images selection, a prayer, text.
Whithey Museum and different venues, 2010.
I thought about an everyday prayer so that something who could destabilize the cliché of the Whitney Biennial would happen and say something significant about the focus on United States that this event traditionally presents.
Before starting to pray every day I intervened (02-14-10) on the “dead zone” which separates the prisoners’ cells in Guantanamo from the external boundary wall. This intervention had no defined time and space connotations. It was a rectangle made of black dust, laid out on the sand. This intervention was completely instinctive and had no connection with my intentions about the Biennial of the Whitney Museum.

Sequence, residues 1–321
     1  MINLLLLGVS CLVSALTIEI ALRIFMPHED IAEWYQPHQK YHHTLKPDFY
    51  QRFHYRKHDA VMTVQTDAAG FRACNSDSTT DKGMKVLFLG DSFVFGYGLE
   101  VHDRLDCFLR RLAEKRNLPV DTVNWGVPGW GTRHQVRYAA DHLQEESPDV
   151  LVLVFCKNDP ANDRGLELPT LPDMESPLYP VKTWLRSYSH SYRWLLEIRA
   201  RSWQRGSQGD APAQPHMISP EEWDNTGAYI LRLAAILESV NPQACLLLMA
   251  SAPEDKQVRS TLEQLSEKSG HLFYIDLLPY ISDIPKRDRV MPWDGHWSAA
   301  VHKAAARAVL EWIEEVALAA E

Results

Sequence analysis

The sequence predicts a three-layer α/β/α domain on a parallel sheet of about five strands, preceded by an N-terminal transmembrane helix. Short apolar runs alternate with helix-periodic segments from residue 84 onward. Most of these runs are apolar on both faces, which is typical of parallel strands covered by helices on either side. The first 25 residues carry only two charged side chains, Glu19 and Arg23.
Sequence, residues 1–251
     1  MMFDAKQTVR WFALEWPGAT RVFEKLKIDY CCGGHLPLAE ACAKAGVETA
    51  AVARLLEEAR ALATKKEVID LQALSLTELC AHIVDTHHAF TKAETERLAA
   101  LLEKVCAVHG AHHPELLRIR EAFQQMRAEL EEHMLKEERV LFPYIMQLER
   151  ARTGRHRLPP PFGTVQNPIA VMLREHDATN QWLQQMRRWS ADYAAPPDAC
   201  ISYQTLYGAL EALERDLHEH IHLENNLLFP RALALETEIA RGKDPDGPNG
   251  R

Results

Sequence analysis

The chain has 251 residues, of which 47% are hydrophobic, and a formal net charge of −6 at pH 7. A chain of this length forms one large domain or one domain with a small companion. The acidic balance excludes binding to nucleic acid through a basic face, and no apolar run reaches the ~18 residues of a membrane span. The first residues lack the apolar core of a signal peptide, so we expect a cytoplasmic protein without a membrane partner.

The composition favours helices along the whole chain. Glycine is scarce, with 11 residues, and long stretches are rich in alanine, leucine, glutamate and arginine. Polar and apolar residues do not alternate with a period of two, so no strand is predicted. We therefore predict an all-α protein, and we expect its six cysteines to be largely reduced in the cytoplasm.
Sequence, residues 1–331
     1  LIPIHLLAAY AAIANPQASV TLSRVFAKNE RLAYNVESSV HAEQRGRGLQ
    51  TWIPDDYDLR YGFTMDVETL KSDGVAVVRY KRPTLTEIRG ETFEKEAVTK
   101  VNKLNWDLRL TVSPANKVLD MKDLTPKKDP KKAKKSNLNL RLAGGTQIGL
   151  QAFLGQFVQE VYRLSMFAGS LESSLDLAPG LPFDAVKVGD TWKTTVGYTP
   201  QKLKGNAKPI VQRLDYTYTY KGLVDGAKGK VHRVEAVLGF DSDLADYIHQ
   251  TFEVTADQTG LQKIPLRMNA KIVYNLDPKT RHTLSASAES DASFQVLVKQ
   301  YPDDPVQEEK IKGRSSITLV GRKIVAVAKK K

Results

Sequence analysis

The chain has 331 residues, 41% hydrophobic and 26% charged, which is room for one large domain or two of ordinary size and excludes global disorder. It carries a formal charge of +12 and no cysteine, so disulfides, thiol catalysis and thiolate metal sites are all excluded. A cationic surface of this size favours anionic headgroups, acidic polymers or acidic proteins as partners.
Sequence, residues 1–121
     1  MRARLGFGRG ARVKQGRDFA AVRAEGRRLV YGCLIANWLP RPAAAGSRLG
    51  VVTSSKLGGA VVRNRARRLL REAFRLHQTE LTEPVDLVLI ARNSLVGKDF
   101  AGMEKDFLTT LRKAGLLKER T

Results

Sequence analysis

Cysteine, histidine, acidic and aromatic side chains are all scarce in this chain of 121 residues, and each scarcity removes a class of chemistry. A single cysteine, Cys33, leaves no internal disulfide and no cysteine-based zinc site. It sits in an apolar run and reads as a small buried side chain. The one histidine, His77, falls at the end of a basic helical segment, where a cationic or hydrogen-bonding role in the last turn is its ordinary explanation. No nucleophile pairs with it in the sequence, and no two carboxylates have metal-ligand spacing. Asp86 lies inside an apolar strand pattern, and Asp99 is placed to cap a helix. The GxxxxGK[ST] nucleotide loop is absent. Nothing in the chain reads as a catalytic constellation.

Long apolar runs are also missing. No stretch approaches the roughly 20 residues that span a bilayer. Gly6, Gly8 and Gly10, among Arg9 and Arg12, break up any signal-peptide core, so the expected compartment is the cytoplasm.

This attitude of mine is similar to a kamikaze’s, between an exaggerated spiritualism and the fact of being “cretino” (“stupid”,“fool,” “idiot,” “dumb,” “moron,”). This because the prayer is something serious, but it is “cretino” to think of taking part in the Whitney Biennial without even going there and imposing on oneself the support of the distance. It’s curious that in Italian the root of the word “cristiano” (Christian) is the same of the word “cretino” (stupid).
When the Biennial started, I started my everyday prayer. I started analyzing the many images that users posted on the Net and on flickr.com, looking for significant events. I found this image, almost completely black, with some faces emerging on the foreground. It seemed that the clearer sand had repositioned itself on my rectangle made of black dust and defined some unfocused
Some days later, the Icelandic volcano started erupting dust (18-04-10). This blocked many people in a sort of collective waiting. It was a forced collective waiting, but it forced everyone to appreciate real distances. This is interesting because appreciating distances involves a new consciousness about distance itself, but also about the place where one is.